A Day In The Life of Richard Kendzior: June 9, 1944

On this day, 76 years ago, D-Day+3, my father landed in Normandy as part of the Allied efforts to defeat Adolph Hitler and the Axis forces. At the time a citizen of Britain, and serving in the British Army, he landed in the British sector on the Normandy coast. He was serving with the Royal Tank Regiment.

As someone with an engineering background (he graduated from LSU in 1933 with a degree in Mechanical and Agricultural Engineering), his responsibility upon landing safely was to scour the countryside for German field equipment for recovery and return to Britain. There it would be evaluated and analyzed for any tactical deficiencies that might exist to the benefit of British troops.

He initially enlisted in the Grenadier Guards on October of 1939. On May 24, 1940 he was with The Lincolnshire Regiment as a Lance-corporal and tank commander with the British Expeditionary Forces in northwest France. A day later, March 25, 1940, he was given an emergency commission as a 2nd Lieutenant, one day before the Battle of Dunkirk which saw the attempted evacuation of the British Expeditionary Forces and other allied forces.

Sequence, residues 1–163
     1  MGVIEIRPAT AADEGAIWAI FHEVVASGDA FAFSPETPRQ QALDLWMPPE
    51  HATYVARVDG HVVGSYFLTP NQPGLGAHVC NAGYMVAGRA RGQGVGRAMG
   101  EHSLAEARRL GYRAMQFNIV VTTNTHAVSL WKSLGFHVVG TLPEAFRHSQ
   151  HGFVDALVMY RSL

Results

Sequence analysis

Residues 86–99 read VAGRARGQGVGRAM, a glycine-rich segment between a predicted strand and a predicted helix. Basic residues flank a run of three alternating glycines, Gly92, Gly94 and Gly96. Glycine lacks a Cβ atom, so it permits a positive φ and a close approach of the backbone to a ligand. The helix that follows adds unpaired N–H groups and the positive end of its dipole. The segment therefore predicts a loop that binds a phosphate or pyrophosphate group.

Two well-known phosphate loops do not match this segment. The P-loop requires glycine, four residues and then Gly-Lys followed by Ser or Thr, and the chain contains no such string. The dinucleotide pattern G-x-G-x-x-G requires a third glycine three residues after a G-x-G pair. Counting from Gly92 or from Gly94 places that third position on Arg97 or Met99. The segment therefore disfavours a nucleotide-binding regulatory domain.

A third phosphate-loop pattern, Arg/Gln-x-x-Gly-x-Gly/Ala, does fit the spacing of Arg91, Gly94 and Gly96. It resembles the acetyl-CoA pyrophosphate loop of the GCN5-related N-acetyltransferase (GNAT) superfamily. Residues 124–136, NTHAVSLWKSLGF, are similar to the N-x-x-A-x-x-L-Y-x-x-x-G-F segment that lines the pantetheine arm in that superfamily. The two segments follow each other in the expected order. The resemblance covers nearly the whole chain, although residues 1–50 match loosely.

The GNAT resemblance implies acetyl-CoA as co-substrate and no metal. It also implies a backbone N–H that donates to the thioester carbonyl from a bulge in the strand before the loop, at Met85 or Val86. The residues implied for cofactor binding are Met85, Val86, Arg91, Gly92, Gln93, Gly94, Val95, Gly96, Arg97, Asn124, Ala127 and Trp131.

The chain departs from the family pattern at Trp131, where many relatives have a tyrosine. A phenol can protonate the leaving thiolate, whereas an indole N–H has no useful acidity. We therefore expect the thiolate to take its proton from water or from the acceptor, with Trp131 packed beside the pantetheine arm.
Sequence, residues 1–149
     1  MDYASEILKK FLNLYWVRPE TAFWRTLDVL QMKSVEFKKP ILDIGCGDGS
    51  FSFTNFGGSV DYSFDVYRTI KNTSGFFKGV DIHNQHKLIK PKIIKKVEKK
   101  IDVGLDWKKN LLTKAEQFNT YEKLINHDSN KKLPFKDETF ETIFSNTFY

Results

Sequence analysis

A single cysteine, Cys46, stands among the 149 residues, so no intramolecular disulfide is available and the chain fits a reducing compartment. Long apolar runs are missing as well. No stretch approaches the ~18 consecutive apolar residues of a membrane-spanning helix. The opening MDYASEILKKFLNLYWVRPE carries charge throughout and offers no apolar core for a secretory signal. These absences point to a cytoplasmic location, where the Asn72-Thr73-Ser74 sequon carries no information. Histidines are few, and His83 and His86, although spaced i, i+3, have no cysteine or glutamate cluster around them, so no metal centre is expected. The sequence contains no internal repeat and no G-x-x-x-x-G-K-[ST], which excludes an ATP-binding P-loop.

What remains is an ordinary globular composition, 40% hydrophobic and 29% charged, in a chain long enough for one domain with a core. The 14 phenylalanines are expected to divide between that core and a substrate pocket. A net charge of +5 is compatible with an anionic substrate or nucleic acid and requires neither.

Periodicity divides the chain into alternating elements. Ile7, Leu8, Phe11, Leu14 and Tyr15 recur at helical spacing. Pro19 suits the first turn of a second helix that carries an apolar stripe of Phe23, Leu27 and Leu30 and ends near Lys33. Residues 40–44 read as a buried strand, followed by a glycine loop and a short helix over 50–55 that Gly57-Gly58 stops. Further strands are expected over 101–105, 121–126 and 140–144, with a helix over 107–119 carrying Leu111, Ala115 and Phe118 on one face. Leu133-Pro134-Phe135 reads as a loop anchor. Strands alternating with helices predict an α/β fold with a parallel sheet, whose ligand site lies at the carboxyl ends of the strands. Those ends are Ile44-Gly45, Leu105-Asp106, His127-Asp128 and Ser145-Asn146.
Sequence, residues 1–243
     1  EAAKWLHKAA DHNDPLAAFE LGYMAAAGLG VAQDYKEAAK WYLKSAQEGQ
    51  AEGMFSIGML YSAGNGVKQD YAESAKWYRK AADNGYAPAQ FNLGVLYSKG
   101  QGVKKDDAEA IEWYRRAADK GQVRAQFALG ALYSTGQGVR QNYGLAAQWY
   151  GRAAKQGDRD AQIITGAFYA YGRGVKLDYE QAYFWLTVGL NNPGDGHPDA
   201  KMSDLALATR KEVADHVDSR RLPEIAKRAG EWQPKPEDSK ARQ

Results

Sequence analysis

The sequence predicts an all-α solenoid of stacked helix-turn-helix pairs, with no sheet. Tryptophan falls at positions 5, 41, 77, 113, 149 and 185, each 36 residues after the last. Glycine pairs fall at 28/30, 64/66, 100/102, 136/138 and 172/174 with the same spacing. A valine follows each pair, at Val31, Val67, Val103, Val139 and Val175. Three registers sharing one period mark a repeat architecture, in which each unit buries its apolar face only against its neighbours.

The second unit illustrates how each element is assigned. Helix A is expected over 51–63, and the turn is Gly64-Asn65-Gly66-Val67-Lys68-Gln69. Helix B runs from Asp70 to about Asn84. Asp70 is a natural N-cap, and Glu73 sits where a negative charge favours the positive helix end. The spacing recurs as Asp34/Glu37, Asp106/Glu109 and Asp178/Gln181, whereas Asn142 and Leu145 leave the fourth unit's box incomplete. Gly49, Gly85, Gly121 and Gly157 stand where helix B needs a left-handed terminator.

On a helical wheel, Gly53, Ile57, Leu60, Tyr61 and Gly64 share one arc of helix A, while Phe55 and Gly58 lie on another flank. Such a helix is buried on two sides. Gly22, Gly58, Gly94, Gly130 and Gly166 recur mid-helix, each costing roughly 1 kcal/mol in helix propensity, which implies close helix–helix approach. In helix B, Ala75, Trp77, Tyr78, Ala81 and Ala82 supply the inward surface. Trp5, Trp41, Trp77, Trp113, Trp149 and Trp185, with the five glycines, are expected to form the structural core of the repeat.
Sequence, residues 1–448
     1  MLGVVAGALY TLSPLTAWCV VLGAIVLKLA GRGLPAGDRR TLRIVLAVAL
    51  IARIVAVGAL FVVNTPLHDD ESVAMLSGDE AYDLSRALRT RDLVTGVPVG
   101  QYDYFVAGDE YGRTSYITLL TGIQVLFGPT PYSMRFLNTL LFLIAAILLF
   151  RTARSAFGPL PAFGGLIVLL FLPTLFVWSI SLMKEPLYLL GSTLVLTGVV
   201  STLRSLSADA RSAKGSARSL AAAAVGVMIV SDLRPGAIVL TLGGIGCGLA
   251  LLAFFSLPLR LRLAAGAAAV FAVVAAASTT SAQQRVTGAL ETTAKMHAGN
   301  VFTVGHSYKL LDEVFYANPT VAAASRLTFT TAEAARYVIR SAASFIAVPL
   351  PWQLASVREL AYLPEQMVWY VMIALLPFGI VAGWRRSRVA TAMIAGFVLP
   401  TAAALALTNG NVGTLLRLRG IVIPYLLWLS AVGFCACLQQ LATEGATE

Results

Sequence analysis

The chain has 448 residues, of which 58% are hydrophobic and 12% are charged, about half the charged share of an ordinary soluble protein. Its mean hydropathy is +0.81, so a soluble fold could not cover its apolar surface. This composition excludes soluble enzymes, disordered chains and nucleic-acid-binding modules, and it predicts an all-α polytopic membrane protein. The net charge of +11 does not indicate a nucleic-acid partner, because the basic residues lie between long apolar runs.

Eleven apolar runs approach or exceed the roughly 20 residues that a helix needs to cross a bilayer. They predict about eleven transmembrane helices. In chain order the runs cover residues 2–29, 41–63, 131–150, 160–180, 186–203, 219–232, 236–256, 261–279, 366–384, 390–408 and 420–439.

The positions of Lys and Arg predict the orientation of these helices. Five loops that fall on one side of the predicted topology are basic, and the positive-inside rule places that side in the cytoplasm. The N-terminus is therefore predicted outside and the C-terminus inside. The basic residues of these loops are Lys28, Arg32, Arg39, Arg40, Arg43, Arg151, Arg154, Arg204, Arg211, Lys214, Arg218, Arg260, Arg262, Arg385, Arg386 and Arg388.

By June 4th, ten dramatic days later, a total of 338,000 British and French troops had been saved from Dunkirk. My father was one of them. However, 40,000 Allied troops were cut off by the German forces, were trapped in the town of Dunkirk and had to surrender. That so many were able to cross the channel to safety allowed most of them to survive and fight another day, something which contributed to the ultimate victory in 1945.

He was fortunate to have lasted the entire war more or less unscathed and was released on the 1st of March, 1946 with the rank of Lt. Colonel. For the rest of his life which ended in 1982, he rarely spoke of any of his military exploits, other than to say he was lucky.

One memory I have is him tell me he and his crew slept under the tank whenever they could. It offered some protection from shells and other bits of exploding ordinance like flak from falling on them as they tried to sleep.  This photo is of him home on leave in 1941 with me, his infant son.